Heavy metal sex chat

Unlocking the Truth's music and what they represent more broadly -- a group of kids making music that perhaps their peers and adults might not always see as "normal" -- aligns with the spirit of metal and punk music at its purest.

And, in that sense, who better for the band to interview, and be interviewed by, than the "founding father of punk," Richard Hell?

If your purposes and messages are unique and different from other heavy metal, how would you describe those intentions and messages of yours? Our music has this good message for all people that feel like they are being bullied, or people who want to be free. Malcolm: The message I want to convey in my music is to be free, do what you want to do, and get back up if you get pushed down. Malcolm: If I wasn't in a band, I would want to be a pro skateboarder, guitar technician, or a producer. Malcolm: Putting up the devil horns basically is respect to heavy metal and all it has done for me and a lot of other people.

The music in the background inspired us to play metal.

RH: Do you see yourselves as having a unique purpose and message in your compositions -- music and lyrics -- or are you more interested in simply being consistent with the existing style and feeling of your favorite heavy metal bands?



RH: Well, when I was your age, I was more straight and conventional than you are.

I lived in a pretty bland place where there wasn't a lot of stimulation or exposure to new ideas.

Some tracks are gonna be brutal and other tracks are gonna be about driving motorcycles and having sex and fun. We can't seem to make our minds up what we are, really — we're either a classic rock band or a full-on metal band. We're one of the unique bands in that position, really." Asked about why bands like SAXON seemingly rarely produce their own records despite having made albums for more than three decades, Biff said: "We do produce them ourselves.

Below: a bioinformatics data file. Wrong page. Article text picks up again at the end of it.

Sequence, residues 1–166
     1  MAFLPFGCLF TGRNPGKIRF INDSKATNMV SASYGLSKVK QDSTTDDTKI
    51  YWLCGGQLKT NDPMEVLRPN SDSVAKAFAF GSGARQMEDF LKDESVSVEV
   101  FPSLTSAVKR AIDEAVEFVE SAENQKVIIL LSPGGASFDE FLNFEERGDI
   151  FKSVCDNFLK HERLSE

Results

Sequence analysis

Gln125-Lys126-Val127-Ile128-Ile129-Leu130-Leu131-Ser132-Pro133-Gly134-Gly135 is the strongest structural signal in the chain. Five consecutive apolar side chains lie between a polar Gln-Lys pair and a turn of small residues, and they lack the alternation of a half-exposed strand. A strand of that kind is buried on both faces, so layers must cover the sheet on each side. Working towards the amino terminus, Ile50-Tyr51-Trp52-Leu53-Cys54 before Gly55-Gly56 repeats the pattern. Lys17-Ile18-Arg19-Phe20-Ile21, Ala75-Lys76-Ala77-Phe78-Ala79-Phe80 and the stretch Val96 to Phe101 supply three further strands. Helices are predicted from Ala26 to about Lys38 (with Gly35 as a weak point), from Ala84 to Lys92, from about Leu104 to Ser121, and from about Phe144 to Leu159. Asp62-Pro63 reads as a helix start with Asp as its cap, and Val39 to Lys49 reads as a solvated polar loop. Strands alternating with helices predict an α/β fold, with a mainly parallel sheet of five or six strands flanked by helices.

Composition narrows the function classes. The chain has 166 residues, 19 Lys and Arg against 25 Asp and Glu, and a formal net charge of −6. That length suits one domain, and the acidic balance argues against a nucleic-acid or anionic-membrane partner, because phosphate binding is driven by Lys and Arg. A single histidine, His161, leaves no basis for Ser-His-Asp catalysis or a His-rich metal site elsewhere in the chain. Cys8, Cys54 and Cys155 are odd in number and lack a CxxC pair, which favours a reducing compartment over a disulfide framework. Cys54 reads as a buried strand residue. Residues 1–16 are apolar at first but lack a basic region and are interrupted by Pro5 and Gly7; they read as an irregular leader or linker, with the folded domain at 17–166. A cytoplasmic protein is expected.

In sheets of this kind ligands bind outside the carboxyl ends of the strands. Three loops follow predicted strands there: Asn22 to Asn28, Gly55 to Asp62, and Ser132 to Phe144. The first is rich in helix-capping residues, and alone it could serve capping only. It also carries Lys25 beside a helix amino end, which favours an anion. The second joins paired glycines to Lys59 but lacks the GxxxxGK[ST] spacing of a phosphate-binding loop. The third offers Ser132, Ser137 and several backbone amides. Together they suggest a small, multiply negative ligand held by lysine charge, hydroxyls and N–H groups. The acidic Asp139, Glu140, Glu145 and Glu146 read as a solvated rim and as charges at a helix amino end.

I mean, I usually produce; the [other] boys [in the band] don't really produce albums. Sometimes I'll give the engineer producing credit, because he works a little bit harder than the norm.Heavy metal is the music that lifts us up when we are down.Heavy metal is the music to get all our emotions out. Japanese animated TV shows and wrestling are the reasons why this music is in our blood.RH: Probably the biggest change is how electronics have affected it, both in the way music is created (sampling and other computer-assisted ways of making music) and for its distribution (the Internet and the way it's both made getting your music to a public easier, or at least something you can do yourself, while at the same time has made it so easy for people to take musicians' work without paying for it).As far as styles of music, the biggest change has got to be the advent and huge success of hip-hop and everything about how it's done and what it says and means.That is why they do it so well." How did heavy metal get into your blood? It seems to have made you into super-heroes, but sometimes that brings its own problems.

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